A new report has warned that car manufacturing in the UK could collapse if the Government and private companies do not promote electric car battery production.
The report, from the cross-party Business and Trade Committee, forecasts that hundreds of thousands of jobs are at risk if the issue is not addressed.
It adds that the UK could become a “frontrunner” in building “sustainable and ethical batteries”, highlighting how most of the world’s gigafactories are in China.
Experts have estimated that the UK will require 100 gigawatt hours of battery manufacturing capacity by the end of the decade.
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This would satisfy demand for the automotive industry and other sectors, with the requirement rising to 200GWh by 2040.
However, the UK’s only existing gigafactory near Nissan’s manufacturing plant in Sunderland has less than 2GWh of capacity.
The report states: “At best, announced plans satisfy a little over half the capacity the nation needs by 2030.”
In July 2021, Nissan announced a £1billion funding boost to build a new gigafactory that will enable its Sunderland car plant to increase production of EVs.
The Japanese manufacturer estimated that 900 jobs would be created, in addition to 750 jobs at Chinese production company Envision.
According to the Government, the Advanced Manufacturing Plan and the Battery Strategy will be published later this week.
Labour MP Liam Byrne, chair of the Business and Trade Committee, said: “Power was at the heart of the industrial revolution, and it will be at the heart of the green industrial revolution.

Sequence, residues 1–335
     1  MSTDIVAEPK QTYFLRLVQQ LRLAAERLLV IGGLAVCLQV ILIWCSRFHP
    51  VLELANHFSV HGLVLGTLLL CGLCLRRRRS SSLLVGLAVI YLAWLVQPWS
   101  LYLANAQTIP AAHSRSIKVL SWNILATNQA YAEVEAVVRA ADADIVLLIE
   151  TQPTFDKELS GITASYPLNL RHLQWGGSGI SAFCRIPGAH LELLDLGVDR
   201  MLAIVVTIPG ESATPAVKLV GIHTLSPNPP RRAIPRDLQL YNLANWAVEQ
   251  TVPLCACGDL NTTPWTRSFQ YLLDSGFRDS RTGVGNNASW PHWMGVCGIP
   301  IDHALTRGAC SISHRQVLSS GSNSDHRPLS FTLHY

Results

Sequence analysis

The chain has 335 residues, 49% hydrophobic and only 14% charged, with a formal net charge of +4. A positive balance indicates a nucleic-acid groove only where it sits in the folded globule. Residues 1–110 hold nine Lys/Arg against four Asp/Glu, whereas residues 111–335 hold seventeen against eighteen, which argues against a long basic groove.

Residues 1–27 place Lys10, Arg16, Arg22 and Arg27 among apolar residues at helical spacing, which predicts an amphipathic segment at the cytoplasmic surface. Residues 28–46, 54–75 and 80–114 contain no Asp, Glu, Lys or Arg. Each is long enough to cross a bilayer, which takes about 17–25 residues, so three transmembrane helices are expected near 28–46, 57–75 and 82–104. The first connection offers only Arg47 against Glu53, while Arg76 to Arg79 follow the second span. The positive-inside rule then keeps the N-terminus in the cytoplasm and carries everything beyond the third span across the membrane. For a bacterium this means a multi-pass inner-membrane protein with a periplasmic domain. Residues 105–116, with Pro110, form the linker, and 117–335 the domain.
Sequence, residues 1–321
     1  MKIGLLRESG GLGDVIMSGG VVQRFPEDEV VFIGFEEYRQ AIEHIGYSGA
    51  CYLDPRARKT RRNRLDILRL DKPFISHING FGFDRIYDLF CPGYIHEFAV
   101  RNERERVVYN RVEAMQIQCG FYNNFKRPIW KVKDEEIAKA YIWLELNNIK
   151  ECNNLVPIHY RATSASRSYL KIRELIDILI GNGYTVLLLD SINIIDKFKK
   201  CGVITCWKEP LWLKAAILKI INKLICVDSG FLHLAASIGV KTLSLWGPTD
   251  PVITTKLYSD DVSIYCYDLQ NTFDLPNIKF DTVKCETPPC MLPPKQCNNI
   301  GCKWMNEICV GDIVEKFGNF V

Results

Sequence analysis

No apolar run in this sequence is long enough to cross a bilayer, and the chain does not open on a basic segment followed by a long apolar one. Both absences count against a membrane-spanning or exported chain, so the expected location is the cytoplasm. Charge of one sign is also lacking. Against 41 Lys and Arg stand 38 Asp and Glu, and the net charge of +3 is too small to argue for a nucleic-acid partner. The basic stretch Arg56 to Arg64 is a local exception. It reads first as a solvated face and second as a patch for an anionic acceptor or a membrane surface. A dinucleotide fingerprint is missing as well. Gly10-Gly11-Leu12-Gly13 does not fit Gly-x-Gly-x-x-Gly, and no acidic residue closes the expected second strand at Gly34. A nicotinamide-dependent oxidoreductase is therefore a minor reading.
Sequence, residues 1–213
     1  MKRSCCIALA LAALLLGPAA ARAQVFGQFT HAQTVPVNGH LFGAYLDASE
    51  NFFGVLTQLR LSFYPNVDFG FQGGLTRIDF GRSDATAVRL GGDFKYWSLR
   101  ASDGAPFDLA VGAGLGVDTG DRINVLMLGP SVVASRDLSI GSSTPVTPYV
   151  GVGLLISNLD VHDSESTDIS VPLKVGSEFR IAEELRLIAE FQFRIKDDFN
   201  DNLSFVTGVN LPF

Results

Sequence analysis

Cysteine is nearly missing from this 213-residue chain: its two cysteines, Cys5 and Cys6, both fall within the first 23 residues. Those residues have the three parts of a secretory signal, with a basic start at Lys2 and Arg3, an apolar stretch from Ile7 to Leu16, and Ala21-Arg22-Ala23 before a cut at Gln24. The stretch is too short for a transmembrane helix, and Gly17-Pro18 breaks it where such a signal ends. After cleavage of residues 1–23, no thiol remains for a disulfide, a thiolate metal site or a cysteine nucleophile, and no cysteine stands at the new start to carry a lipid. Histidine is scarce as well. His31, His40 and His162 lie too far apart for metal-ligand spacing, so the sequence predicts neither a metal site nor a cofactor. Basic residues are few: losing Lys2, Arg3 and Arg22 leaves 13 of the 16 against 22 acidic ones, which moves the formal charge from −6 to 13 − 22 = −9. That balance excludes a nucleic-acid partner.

“But right now, the UK is on course to secure barely half of the electric battery capacity needed by the domestic car industry alone.
“Unless we fix this fast, we risk the industry simply relocating to Europe or the US or becoming reliant on imports from China and elsewhere.
“That imperils 160,000 jobs and a jewel in the UK’s industrial crown. Now is the time to act.”
There had been plans to develop a new gigafactory in Blyth although this collapsed after the firm behind the plan, Britishvolt, entered administration.
A spokesperson for the Department for Business and Trade said: “In the past few months the Government has secured a £4billion investment from Tata in a new gigafactory, and £600million to build the next generation of electric Minis.
“This comes on top of a previous £1billion investment in an Electric Vehicle hub in Sunderland by Nissan and their battery supplier AESC.
“Taken together these major investments demonstrate that our plan for the automotive industry is working and continuing to deliver results.
Nissan's Sunderland plant saw a huge boost in investment two years ago
“Later this week we will publish a wide-ranging Advanced Manufacturing Plan and the UK’s first Battery Strategy, both of which will ensure we continue to place the UK at the forefront of global supply chains.”